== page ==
Beshear’s proposed budget addresses nurse shortage
LOUISVILLE, Ky. (WAVE) - Gov. Andy Beshear outlined part of his proposed budget plan on Wednesday, saying he would expand healthcare access for Kentuckians and address the state’s critical nurse shortage.
Kentucky has been struggling to recruit and retain nurses since before the pandemic, but COVID-19 made the issue worse.
The piece of Beshear’s proposed budget that would address the shortage would cost around $57 million over five years; the money would come from American Rescue Plan dollars and state taxpayers.
The budget would set aside $2 million to launch an ad campaign to recruit nurses and change the public’s perception of them. In addition, Beshear wants to double the amount of scholarship money available to nurses from $3 million to $6 million so more students can receive the funds.
“This is a much needed increase from the current scholarships financed by a portion of nursing licensing fees, which are only awarded to about 150 students,” Beshear said.
His proposed budget would also address nurse retention in Kentucky. Nurses who stay in state for five years could receive up to $15,000 in loan forgiveness.
Delanor Manson, the CEO of the Kentucky Nurses Association told WAVE 3 News the plan is a good start.
She said nurses are leaving Kentucky because other states with worse shortages and travel agencies are offering much higher pay.
“There’s a rate of $150 to $200 an hour that some travel nurses are getting, and many of these travel nurses are being recruited, and they’re working in the same places they worked as a staff person or a nurse leader,” Manson said. “In many cases, they have student loans they need to pay, or they have mortgages they need to pay, and they’re not making enough in their positions in the community to pay those student loans. But let me just say, travel nurse fees are not sustainable for most organizations.”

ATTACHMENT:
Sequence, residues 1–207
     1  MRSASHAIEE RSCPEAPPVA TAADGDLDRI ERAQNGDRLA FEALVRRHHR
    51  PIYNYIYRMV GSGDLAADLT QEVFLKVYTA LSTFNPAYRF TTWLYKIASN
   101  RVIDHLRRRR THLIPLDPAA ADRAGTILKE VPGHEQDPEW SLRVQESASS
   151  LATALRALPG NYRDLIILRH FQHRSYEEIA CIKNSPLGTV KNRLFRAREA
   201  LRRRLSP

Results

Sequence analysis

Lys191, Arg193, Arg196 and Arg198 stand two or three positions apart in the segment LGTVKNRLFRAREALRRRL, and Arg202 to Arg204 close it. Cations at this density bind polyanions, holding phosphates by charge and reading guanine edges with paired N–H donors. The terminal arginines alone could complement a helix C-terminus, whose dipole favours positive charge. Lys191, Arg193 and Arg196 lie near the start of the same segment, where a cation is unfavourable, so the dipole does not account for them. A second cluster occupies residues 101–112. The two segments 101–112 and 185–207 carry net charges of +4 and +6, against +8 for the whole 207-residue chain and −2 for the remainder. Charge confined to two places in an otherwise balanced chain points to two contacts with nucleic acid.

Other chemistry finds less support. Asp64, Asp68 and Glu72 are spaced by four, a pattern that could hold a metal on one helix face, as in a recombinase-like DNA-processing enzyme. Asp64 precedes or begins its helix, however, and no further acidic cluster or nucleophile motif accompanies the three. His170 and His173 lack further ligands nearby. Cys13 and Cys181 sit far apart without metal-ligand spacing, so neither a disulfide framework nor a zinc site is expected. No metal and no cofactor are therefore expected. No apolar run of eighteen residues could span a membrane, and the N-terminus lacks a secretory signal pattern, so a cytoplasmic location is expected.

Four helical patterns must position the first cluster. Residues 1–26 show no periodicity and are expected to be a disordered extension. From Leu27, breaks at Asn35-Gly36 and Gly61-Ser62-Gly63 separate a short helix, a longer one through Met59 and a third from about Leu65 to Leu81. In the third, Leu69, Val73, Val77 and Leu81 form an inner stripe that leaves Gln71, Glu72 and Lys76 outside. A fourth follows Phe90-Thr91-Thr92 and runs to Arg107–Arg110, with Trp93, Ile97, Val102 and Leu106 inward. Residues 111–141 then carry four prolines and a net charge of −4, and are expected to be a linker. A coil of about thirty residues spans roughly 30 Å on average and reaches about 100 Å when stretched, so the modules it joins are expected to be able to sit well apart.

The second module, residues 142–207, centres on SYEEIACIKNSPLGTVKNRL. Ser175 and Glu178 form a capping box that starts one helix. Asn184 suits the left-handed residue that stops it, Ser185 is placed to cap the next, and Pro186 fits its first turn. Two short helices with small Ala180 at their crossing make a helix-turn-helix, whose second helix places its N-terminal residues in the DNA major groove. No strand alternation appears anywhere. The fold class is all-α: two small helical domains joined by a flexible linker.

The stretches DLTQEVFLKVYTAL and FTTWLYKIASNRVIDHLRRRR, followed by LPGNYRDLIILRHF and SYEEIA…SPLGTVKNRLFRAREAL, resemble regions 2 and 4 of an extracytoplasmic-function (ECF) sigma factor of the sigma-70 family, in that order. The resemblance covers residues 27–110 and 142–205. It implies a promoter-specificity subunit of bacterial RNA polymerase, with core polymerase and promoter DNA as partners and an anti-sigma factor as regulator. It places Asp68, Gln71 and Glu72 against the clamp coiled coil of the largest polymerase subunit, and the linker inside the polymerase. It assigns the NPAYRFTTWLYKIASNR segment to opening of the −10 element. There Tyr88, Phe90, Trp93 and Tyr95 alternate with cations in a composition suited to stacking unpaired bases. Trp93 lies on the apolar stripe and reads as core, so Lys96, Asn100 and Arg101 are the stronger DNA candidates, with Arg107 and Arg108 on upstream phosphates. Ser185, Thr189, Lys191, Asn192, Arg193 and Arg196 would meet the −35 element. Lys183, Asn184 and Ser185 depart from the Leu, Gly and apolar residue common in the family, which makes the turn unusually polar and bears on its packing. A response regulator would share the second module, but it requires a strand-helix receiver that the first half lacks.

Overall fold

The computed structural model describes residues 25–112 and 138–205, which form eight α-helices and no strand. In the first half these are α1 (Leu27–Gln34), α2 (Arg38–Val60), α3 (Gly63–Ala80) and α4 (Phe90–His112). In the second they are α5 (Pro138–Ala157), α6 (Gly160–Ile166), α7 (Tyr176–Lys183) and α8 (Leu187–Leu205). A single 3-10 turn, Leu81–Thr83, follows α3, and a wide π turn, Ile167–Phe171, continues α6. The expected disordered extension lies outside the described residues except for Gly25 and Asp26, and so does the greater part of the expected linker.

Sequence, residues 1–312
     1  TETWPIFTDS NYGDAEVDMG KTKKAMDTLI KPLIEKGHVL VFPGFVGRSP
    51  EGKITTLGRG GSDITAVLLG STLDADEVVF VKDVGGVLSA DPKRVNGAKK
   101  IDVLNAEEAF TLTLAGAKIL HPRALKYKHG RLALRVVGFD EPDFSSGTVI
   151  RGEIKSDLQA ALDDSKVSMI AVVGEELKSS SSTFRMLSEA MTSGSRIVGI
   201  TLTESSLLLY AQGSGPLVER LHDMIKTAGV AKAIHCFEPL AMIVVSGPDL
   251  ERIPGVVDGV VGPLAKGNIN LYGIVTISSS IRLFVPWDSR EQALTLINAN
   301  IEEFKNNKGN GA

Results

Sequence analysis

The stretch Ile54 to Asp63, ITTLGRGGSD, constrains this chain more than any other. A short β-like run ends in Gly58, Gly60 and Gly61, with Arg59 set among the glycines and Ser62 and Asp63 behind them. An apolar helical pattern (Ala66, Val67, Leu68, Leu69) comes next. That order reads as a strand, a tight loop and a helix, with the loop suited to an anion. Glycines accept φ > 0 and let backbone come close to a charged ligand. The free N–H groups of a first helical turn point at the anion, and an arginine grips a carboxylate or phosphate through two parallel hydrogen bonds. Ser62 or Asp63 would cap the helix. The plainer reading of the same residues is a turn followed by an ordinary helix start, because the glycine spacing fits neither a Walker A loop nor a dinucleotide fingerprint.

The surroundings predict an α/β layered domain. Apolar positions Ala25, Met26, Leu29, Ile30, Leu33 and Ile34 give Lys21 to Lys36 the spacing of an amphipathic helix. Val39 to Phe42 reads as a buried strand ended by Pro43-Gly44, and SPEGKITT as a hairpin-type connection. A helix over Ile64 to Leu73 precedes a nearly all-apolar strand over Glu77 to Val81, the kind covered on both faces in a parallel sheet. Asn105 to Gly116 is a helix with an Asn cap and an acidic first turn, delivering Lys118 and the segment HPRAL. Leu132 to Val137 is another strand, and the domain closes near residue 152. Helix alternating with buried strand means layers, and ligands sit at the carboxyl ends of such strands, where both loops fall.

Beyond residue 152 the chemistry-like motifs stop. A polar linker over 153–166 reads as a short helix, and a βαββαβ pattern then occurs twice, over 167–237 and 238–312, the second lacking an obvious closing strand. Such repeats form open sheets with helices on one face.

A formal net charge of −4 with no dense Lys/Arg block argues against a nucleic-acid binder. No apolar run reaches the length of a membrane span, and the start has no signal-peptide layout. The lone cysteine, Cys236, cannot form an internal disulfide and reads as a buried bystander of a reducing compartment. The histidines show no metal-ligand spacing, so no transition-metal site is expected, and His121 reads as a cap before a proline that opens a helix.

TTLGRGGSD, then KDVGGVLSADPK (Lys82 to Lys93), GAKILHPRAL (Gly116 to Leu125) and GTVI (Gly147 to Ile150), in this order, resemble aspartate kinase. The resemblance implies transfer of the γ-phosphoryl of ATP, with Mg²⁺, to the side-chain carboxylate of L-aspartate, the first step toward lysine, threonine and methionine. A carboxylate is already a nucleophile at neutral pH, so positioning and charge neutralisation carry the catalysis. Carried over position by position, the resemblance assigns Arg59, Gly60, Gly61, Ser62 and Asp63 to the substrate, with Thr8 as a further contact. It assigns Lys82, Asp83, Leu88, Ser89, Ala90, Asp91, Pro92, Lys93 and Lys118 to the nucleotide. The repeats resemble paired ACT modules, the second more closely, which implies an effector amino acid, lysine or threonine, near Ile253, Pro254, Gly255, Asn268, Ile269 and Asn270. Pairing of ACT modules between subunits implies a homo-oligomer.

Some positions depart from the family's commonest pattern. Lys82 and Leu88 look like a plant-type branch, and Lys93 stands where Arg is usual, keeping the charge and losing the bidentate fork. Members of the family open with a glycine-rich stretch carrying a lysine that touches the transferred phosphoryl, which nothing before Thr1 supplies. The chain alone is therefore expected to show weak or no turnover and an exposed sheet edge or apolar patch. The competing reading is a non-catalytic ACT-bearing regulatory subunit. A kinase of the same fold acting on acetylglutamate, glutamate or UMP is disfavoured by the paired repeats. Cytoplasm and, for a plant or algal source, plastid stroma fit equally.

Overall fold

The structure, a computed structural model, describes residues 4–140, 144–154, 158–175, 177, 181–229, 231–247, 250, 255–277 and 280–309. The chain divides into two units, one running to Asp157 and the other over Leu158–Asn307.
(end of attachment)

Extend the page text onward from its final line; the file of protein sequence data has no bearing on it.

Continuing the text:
“One of the things we really need to do is figure out a way to keep our nurses and keep them at home; keep them in their communities and not allow the attractiveness of making a lot of money something that they choose,” she added.
Manson believes part of the solution is to give all nurses who stayed in Kentucky retention bonuses, including those who work in long-term care facilities, corrections, schools, universities, and those who work as nurse practitioners.
Manson said the shortage impacts everyone because nurses account for 53 percent of all healthcare professionals.
“We need nurses to provide that 53 percent of what patients need when they need healthcare,” Manson said. “And if those nurses aren’t there, what happens to you in terms of receiving your healthcare?”
Beshear will present his budget plan to the Republican-led legislature Thursday evening at 7 p.m. House Republicans filed their own budget before receiving the governor’s recommendations, in a break from tradition.
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